• Coherence: Before establishing a rule, think about whether you can actually enforce it. You are an important role model for your child, so you should also follow the same rules.
  • Consequences: When rules are broken, ideally there should be consequences that are directly related to your child’s behaviour. Consequences let your child know where he’s gone wrong, how to correct his mistake, and what behaviour to work toward.

The importance of repeating rules

It takes a long time for children to get the hang of what’s expected of them, so don’t be surprised if you have to constantly remind your little one of the rules. Keep in mind that, between the ages of 2 and 3, the parts of a child’s brain that are responsible for controlling urges have not yet fully developed. That’s why children sometimes disobey rules that they already know—they simply can’t help it. As they get older and their brains continue to develop, their self-control improves.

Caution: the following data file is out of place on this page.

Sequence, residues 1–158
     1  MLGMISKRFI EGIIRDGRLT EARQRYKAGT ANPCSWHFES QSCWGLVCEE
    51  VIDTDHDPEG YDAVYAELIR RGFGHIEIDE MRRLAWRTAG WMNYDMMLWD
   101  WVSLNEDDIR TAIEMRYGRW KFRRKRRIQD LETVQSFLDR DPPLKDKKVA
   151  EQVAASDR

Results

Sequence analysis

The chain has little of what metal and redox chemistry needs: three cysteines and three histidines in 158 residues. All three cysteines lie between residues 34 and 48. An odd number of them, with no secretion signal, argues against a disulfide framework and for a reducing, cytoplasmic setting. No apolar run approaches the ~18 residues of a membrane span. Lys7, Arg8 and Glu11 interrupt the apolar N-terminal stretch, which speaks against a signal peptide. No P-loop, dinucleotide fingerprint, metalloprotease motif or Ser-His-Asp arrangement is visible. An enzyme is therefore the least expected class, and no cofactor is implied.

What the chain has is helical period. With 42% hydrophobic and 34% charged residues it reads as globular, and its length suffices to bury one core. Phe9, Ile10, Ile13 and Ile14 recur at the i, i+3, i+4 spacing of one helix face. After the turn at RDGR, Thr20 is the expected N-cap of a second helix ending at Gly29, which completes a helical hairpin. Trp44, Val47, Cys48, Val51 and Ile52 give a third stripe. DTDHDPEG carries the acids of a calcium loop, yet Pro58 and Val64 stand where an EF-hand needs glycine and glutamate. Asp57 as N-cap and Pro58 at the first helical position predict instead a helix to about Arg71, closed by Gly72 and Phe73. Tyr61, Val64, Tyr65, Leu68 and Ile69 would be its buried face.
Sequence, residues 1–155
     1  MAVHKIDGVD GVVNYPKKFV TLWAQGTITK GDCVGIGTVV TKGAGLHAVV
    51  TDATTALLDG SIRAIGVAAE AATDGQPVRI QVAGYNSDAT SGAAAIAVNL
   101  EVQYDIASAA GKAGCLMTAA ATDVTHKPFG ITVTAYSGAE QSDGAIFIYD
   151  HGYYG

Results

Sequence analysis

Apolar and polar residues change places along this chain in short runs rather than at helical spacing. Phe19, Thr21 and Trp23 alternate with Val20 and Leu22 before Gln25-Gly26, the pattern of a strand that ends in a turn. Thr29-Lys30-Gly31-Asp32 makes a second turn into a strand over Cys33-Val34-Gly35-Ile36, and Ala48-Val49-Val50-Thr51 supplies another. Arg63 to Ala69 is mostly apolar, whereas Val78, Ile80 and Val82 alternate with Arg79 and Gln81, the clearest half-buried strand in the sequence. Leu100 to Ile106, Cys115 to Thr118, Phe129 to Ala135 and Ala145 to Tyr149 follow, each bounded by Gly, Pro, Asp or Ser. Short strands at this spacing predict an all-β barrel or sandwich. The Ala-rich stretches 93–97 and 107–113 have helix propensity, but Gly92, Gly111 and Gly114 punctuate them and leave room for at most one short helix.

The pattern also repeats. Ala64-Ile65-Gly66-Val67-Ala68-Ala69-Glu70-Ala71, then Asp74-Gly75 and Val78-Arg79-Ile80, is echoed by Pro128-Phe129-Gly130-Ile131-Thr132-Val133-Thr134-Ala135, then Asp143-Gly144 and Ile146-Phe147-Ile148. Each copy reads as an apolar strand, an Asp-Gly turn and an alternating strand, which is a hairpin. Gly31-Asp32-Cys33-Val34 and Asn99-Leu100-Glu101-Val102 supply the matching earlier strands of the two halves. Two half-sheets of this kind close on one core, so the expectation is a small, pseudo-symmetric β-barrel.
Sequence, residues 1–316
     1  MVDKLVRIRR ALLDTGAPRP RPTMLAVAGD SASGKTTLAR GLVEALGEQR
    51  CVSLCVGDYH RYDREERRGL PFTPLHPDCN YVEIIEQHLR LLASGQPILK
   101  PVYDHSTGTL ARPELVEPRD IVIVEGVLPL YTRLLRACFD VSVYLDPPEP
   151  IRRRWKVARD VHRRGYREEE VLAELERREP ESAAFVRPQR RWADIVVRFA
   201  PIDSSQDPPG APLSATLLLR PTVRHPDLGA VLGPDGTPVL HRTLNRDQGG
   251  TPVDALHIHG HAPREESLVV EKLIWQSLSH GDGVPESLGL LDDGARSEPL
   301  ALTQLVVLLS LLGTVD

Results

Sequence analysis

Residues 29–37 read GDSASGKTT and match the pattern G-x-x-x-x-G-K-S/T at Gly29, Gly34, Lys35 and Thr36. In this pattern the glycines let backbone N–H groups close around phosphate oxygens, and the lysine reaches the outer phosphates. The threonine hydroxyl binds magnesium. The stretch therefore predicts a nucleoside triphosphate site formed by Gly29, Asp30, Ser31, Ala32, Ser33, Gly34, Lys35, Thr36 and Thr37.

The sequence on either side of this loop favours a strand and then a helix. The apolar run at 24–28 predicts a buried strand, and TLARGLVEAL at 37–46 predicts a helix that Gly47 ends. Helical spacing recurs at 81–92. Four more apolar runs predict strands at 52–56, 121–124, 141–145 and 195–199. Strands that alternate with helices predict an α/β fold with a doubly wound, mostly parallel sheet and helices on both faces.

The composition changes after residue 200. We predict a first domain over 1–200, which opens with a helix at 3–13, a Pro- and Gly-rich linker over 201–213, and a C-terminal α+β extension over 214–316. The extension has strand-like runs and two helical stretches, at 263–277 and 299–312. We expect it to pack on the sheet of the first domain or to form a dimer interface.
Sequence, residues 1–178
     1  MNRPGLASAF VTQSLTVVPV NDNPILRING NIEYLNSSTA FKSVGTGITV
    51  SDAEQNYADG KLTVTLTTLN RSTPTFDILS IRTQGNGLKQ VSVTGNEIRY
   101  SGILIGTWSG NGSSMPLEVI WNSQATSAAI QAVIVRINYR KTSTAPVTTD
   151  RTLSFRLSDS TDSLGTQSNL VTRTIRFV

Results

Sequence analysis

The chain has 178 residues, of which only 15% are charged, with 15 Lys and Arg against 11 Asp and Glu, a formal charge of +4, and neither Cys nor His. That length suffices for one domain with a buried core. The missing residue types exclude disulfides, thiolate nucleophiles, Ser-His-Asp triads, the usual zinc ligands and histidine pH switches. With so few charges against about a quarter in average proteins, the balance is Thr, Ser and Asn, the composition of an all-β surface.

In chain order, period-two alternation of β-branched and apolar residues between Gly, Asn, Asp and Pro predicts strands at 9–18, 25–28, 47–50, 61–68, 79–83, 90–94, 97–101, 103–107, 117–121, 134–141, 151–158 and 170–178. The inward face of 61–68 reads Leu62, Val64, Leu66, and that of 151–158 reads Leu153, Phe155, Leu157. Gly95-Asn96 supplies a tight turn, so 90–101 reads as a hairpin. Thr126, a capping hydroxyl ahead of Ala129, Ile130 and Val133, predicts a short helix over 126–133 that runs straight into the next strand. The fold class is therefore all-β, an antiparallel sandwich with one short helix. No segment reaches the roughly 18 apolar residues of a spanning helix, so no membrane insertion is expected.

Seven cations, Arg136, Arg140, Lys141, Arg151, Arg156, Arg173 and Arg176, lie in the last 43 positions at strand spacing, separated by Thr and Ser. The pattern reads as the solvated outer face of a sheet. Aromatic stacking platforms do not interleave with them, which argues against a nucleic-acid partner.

At other times, you’ll find you have to keep repeating a certain rule because your child simply doesn’t understand what it means and as a result doesn’t obey it. When this happens, explain the rule again as simply as possible and emphasize the reasons behind it. If your child is old enough, you can have her repeat the rule in her own words. This will let you know whether she has truly understood while also helping her learn the rule.